Farewell, Dr. Dobb’s | Dr Dobb’s

Farewell, Dr. Dobb’s


It seems that 90′s magazines I had read to learn computer programming and embedded development are dying one after another.Very important magazines for me has been Prosessori and  Dr. Dobb’s. Few years ago Finnish hardware and computer magazine Prosessori came to end.  Dr. Dobb’s subsequent popularity meant that it became a worldwide means of sharing curated, high-quality programming info. Now after 38 years of glory, the long run of Dr. Dobb’s has come to an end.

The reason for this seems the same problem that many media companies nowadays have: In one word, revenue. Once Dr. Dobb’s, had healthy profits and revenue, almost all of it from advertising, and now revenue declined such that today it’s barely 30% of what it was. It is not only a print problem, also web sites suffer when realize that website ads tend to be less effective than they once were. This is not a Dr. Dobb’s-only phenomenon. So the decided to sunset the site before it looses money. “Sunset” means that that there will be no new content after year end; however, all current content will be accessible and links to existing Dr. Dobb’s articles will continue to work correctly.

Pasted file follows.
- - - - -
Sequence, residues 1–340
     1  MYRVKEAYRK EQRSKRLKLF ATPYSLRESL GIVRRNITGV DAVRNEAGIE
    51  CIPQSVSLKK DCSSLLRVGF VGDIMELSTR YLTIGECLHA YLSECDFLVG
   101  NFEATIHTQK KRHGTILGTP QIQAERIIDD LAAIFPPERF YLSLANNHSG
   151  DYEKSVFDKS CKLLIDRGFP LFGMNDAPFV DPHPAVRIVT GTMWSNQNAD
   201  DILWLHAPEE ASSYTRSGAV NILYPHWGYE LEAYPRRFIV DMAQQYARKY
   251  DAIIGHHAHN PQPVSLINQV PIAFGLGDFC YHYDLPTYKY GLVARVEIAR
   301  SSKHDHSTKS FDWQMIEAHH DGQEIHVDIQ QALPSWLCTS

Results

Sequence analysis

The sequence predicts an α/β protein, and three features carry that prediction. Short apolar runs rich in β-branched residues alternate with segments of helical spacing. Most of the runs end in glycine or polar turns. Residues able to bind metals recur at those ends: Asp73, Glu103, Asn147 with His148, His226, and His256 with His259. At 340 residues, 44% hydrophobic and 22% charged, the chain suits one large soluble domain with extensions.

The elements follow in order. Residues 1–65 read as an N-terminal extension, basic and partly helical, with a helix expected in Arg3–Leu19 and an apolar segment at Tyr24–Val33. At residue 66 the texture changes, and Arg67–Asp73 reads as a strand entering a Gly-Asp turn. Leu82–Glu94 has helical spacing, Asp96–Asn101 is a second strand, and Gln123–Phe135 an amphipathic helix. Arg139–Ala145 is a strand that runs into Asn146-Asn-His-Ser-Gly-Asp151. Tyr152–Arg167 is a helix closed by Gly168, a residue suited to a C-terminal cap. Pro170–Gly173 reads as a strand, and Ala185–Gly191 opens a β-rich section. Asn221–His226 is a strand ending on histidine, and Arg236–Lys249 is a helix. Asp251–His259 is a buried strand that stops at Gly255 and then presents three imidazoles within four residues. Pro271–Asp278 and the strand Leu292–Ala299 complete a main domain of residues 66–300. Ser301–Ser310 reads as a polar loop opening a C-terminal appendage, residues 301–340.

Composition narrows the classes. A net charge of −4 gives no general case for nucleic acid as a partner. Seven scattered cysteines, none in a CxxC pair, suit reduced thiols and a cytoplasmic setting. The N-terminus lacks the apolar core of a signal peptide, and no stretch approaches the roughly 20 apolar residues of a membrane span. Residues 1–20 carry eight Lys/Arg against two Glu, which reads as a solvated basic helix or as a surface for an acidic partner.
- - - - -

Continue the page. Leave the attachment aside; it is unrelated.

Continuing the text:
1. Tomi Engdahl says:

    Dr. Dobb’s 38-Year Run Comes To an End

    Dr. Dobb’s — long time icon of programming magazines — “sunsets” at the end of the year. Editor Andrew Binstock says despite growing traffic numbers, the decline in revenue from ads means there will be no new content posted after 2014 ends. (The site will stay up for at least a year, hopefully longer.)

  2. Tomi Engdahl says:

    Dr. Dobb’s Journal sails into the sunset – yet again
    Specialist programming site will post no new content

    Programming journal and website Dr. Dobb’s is ceasing publication of new content at the end of 2014.

    Editor Andrew Binstock explains the decision by owners United Business Media to “sunset” the site, though all existing content will remain available.

    Dr. Dobb’s Journal began as a newsletter published by Bob Albrecht and Dennis Allison in Menlo Park, California. It was devoted to Allison’s programming language Tiny BASIC. Its first issue in January 1976 was called Tiny BASIC Calisthenics and Orthodontia

    The magazine grew to become a programming journal with a strong reputation and global readership. In the nineties it was a fat print publication stuffed with detailed articles on subjects including programming languages, techniques and algorithms, operating system internals, developer tools. Contributors included Allen Holub, Andrew Koenig, Herb Sutter, Scott Ambler, and the Reg’s own Verity Stob. It was also full of ads, but the rise of the internet meant that the attention of both developers and advertisers turned elsewhere and the last print edition was dated February 2009.

    “R.I.P. Dr. Dobb’s” said contributor Eric Sink at the time; but Dr. Dobb’s became a successful web publication, and according to Binstock its readership has been growing, with a record 10.3 million page views in 2014.


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